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Coming in off the long run: Premier League kicks up controversy

CHARLIE HANTLER
Last updated 14:21 16/09/2012
Robin Van Persie
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HAT-TRICK HERO: Robin Van Persie celebrates his match-winning goal, completing his hat-trick, for Manchester United against Southampton.

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The Premier League is underway once again and there are already a myriad of controversial topics to discuss, along with many surprises, and the usual big guns getting off to a good start.

The first big shocks came with Michael Laudrup's Swansea getting off to a flying start, little-known Spanish signing Michu starring, and they show no signs of slowing down any time soon.

The Welsh outfit were expected to struggle in their follow up season in the top tier after losing manager Brendan Rogers, and dominant midfielders Joe Allen and Gylfi Sigurdsson, to Liverpool and Tottenham respectively.

Laudrup, despite being regarded as one of the greatest players of all time, wasn't widely expected to meet the standard Rogers had got Swansea to, yet they are playing fluent football and look good value for their high placing on the table so far.

They may be upset by the loss of their solid left back Neil Taylor, with a lack of well known defensive options, but then again very few people had heard of Taylor, Ashley Williams, Michel Vorm or Nathan Dyer before last season.

They also look to have new stars emerging in the form of Leon Britton, Wayne Routledge and the fantastically named Angel Rangel.

They have made up for the loss of winger Scott Sinclair to Arab-fuelled powerhouse Manchester City with the smart signing of wing Pablo Hernandez from Valencia, which shows they mean business.

This is a club with ambition. They have also signed Ki Sung-Yeung - referred to as the 'Korean Steven Gerrard' - who had such an impact at Celtic.

Another team who have really shown their ambition is Queens Park Rangers, who appeared to be signing anything that moved during the transfer window.

They have a team of great depth but many of the players have failed to make an impact at previous teams, so it will be interesting to see if they can look as good on the field as they do on paper - evidently, not so far.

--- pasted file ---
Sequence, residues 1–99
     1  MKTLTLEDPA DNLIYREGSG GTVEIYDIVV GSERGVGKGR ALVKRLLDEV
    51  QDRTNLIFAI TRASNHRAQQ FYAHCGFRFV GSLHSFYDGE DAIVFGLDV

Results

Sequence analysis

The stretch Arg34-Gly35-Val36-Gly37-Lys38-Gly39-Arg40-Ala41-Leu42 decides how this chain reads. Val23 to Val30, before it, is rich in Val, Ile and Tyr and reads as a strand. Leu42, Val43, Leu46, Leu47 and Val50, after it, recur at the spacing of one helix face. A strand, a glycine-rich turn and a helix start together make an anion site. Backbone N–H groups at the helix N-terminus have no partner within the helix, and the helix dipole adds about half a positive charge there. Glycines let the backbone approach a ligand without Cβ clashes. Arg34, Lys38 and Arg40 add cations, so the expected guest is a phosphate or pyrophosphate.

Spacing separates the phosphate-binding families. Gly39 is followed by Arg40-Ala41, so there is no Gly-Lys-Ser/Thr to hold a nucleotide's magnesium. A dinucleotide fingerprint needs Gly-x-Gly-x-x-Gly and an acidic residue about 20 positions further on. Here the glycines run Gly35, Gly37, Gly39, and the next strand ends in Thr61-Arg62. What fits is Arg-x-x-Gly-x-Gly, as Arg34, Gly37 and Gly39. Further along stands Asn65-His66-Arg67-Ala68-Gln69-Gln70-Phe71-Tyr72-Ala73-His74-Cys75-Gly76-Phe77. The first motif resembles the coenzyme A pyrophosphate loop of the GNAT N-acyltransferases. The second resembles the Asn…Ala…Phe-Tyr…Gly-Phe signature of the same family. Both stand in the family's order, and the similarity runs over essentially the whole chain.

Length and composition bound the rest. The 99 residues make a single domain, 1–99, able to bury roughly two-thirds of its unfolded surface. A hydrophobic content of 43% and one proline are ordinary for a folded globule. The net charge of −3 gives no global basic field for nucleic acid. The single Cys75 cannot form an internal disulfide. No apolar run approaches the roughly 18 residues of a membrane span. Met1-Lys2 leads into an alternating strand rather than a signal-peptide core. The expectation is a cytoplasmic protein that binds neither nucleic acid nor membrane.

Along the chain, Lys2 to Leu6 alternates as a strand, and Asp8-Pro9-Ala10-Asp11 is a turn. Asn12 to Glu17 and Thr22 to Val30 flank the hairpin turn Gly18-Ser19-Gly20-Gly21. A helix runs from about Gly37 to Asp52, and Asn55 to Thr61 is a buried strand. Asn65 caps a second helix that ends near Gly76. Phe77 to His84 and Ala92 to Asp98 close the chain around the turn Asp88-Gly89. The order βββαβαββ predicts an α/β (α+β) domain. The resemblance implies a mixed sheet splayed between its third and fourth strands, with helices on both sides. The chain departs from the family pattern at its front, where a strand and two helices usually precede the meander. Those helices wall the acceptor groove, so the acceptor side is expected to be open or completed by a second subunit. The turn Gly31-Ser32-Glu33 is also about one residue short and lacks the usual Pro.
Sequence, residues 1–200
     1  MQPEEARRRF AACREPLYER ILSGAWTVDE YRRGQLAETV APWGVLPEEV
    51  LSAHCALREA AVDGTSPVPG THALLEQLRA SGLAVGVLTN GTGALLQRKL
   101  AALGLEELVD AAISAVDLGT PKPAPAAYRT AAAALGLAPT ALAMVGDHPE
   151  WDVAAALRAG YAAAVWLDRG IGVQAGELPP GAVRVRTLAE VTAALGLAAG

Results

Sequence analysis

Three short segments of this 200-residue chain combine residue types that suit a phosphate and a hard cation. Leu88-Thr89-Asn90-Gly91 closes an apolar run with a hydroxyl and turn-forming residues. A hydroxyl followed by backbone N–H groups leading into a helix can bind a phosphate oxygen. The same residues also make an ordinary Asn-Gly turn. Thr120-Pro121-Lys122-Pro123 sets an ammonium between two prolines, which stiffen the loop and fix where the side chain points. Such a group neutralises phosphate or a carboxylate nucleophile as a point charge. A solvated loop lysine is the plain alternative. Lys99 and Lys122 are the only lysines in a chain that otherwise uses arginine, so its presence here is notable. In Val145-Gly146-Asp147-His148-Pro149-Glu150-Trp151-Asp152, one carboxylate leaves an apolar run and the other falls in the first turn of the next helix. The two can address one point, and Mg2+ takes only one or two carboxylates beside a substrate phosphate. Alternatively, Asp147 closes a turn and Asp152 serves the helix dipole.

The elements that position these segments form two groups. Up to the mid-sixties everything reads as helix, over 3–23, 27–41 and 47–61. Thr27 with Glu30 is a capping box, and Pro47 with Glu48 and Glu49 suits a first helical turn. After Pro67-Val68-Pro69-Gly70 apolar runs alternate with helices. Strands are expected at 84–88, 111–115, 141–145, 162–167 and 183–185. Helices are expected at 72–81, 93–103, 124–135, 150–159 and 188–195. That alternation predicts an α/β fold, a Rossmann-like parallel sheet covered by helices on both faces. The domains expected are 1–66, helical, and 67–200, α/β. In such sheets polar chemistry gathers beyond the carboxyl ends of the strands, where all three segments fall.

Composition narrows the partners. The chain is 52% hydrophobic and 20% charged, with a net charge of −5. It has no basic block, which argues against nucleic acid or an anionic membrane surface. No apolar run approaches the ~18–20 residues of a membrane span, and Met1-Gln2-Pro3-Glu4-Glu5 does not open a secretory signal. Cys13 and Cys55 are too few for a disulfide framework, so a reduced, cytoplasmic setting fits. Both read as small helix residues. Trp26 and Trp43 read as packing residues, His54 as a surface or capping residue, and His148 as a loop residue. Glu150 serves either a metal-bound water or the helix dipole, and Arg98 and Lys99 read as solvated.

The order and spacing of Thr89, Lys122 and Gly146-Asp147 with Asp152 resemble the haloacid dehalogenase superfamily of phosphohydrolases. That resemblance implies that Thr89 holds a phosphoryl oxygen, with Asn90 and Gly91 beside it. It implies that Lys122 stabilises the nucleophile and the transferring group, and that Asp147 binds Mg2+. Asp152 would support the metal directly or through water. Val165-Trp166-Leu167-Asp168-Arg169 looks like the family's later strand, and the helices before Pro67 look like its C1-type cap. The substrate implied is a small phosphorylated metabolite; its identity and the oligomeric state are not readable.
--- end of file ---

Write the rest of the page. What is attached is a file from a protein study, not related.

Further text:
The other big early shock, although maybe not so big for some, was Everton ridding themselves of their usual early season blues and getting a well deserved victory over my beloved Manchester United at Goodison Park. Is this their season?

They've managed to hold on to quality players in Leighton Baines, Marouane Fellaini, and Phil Jagielka, and have bought in quality in the form of Steven Pienaar, Kevin Mirallas and Nikica Jelavic (late last season).

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If the contract issues with Fellaini are resolved, I can see the Toffees challenging for a European spot.

United, on the other hand, looked lacklustre, but are now starting to pick things up with new signings Shinji Kagawa and Robin van Persie, from Borussia Dortmund and Arsenal respectively.

It was unfortunate to see Wayne Rooney sustain a rough injury in the miraculous win over Southampton, but United most definitely have the options to cover him, with international strikers Danny Welbeck and Javier Hernandez in the wings.

This leads me on to the title race, which seems to be a three-horse one between the two Manchester clubs and Chelsea, who have been inspired by new signing, Belgian wiz-kid Eden Hazard, and the return to form of Fernando Torres.

Although they did slip up and were completely outplayed by Atletico Madrid.

City look to be going from strength to strength, with the ever-controversial Carlos Tevez nearing top form, and new smart signings such as Jack Rodwell, Javi Garcia and Maicon appearing to be wise business.

A far more competitive league than last season, look for a tight title race with the top eight going United, City, Chelsea, Spurs, Arsenal, Everton, Swansea and Newcastle.

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